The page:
In this blog post I will show you how to paint this rural landscape that features some atmospheric spotlighting effects. This painting is inspired by the Northland region in northern New Zealand and it originally started as a plein air painting. I then took it back to the studio and added more details to it.
Now, even though this art work started as a field painting I use the exact same painting methodology whether in the studio or painting outdoors.
The plein air process of this painting can be considered the ‘block-in’ stage.
Here are some of the reference photos I used to create this painting. Please feel free to use them or copy them if you would like to have a go at painting this art work.
I am using oil paints but you can also use acrylics as well. The colours I used in this painting are as follows:
- Titanium white
- Burnt sienna
- Yellow oxide
- Cadmium yellow
- Cadmium red
- Quinacridone magenta
- Ultramarine blue
- Cobalt teal
- Phthalo green (optional)
Here is a list of the brushes I used in this painting:
- No.5 flat
- No.2 flat
- No.3 filbert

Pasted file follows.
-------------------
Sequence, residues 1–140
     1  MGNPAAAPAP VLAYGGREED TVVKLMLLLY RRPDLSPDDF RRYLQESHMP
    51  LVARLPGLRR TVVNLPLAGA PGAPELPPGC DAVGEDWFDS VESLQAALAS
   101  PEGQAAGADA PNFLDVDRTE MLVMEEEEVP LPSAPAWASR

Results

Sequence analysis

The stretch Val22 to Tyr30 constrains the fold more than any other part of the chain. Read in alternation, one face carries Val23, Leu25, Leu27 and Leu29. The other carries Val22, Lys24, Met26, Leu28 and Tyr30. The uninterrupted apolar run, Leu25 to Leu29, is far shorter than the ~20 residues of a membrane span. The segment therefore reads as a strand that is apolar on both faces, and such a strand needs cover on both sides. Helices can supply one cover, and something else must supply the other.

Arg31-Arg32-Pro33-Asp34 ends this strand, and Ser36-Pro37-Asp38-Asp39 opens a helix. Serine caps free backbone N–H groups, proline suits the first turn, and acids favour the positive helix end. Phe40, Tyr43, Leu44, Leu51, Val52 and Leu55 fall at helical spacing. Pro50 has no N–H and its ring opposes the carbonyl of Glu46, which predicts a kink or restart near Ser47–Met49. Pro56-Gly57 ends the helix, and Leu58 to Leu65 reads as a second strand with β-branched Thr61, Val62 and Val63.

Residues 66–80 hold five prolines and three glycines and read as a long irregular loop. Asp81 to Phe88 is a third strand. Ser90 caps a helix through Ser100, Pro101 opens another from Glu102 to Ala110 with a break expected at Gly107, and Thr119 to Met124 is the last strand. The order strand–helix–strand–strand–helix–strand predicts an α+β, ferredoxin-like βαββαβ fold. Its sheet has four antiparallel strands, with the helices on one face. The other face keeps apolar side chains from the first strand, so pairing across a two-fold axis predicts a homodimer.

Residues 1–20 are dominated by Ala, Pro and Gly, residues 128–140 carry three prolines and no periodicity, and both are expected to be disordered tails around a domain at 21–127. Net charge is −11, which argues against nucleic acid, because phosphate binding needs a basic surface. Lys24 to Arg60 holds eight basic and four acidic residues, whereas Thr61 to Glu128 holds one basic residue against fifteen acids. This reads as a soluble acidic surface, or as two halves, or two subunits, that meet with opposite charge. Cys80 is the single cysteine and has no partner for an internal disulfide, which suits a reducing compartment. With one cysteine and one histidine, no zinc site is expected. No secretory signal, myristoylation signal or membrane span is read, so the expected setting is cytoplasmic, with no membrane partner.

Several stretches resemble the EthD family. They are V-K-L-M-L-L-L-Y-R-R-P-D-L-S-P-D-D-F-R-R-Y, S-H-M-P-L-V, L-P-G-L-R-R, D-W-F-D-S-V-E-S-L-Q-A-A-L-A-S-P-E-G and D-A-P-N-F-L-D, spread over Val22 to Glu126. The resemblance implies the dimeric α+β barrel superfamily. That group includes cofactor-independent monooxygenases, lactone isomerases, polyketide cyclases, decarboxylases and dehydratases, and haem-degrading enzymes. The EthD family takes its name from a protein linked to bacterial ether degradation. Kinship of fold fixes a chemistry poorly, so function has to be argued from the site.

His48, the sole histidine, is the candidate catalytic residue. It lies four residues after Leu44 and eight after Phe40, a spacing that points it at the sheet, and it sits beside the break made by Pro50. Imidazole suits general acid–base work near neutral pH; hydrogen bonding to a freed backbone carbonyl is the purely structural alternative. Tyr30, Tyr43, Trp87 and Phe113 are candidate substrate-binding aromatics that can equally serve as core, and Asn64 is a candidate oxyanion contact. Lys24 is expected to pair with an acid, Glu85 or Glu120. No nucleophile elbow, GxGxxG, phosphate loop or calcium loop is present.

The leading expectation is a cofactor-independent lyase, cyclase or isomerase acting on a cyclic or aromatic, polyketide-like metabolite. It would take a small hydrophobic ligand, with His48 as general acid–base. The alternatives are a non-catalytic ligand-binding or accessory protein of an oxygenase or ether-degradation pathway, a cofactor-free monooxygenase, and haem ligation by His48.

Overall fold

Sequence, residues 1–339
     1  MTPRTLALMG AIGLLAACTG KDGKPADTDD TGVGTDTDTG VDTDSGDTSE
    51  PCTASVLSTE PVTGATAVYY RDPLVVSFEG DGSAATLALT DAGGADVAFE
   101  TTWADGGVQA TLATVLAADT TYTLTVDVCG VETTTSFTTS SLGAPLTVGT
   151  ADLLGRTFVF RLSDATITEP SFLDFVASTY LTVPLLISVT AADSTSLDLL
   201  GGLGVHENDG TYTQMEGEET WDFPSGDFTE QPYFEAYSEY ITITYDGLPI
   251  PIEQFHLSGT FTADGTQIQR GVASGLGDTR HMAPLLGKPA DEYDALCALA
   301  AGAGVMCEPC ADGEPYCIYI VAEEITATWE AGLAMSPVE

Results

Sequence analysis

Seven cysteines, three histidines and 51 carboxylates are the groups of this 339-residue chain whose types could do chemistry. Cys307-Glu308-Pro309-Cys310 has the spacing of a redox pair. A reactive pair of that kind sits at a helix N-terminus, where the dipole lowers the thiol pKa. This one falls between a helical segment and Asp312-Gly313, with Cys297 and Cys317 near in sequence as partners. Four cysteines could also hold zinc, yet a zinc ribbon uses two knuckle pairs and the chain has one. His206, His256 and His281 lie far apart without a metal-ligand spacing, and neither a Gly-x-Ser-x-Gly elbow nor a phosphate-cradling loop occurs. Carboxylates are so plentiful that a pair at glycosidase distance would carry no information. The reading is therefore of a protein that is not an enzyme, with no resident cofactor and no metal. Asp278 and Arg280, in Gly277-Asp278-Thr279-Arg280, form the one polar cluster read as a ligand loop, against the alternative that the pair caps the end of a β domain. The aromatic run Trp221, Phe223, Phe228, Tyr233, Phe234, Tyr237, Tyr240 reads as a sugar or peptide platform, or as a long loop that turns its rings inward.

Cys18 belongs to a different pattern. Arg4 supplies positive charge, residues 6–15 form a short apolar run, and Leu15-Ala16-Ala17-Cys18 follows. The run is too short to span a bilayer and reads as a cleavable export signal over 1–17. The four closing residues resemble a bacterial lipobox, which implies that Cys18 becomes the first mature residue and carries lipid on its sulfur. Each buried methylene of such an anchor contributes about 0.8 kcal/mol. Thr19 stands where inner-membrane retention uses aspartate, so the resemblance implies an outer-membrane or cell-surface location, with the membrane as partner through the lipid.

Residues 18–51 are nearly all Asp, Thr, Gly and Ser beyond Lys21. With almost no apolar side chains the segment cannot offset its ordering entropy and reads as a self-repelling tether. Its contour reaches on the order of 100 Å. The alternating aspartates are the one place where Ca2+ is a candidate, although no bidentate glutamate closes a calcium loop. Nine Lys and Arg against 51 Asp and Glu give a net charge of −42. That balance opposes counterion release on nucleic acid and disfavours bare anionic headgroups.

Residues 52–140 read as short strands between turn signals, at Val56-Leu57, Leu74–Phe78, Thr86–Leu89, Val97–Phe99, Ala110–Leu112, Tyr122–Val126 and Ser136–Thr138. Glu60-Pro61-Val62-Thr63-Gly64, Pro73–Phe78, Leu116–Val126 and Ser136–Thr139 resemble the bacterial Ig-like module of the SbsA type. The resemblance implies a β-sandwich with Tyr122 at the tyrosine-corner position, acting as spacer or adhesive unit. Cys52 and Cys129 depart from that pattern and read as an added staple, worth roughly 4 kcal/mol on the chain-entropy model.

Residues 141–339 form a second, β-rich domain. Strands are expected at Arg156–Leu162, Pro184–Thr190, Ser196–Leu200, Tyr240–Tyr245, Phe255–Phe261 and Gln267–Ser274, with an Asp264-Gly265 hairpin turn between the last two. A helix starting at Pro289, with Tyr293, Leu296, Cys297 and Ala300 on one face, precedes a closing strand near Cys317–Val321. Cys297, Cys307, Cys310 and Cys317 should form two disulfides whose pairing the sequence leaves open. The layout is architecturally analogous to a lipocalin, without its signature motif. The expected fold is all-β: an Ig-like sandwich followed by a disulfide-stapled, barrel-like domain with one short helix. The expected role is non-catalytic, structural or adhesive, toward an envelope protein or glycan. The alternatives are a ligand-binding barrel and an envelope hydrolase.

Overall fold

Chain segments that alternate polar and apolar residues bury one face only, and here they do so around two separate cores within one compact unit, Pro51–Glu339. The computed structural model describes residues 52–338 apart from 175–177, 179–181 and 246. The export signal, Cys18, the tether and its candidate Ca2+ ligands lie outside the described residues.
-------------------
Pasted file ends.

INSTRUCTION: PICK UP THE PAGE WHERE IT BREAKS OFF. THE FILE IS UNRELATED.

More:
- No.1 round
- No.0 round
- No.00 round
- 1/4″ dagger
The stand of trees is one of the main focal areas in this painting. When placing a focal area make sure it is never in the middle of your composition. Centred objects form a displeasing static within the painting and disrupts flow and rhythm within the composition.
A feature I liked in this landscape was the stream which leads the eye towards the stand of trees. This is known as an ‘S’ composition.
First Stage – Painting En Plein Air, the Block-In Process
I am painting on an 8” x 10” linen panel which I’ve toned with a thin wash of burnt sienna which warms up the painting and helps with colour and tone.
I sketched out the composition with a No.1 round brush and burnt sienna. I have mixed the burnt sienna with Liquin Original which thins the paint and speeds up the drying time. This is a very useful medium for painting en plein air.
The first thing I do especially when painting outdoors is to establish the dark values and shadows first. This is especially important when you are painting en plein air as the sun, weather, light and shadows can change very quickly. By establishing your dark values first it doesn’t matter if the light changes. I have applied this same approach to my studio paintings.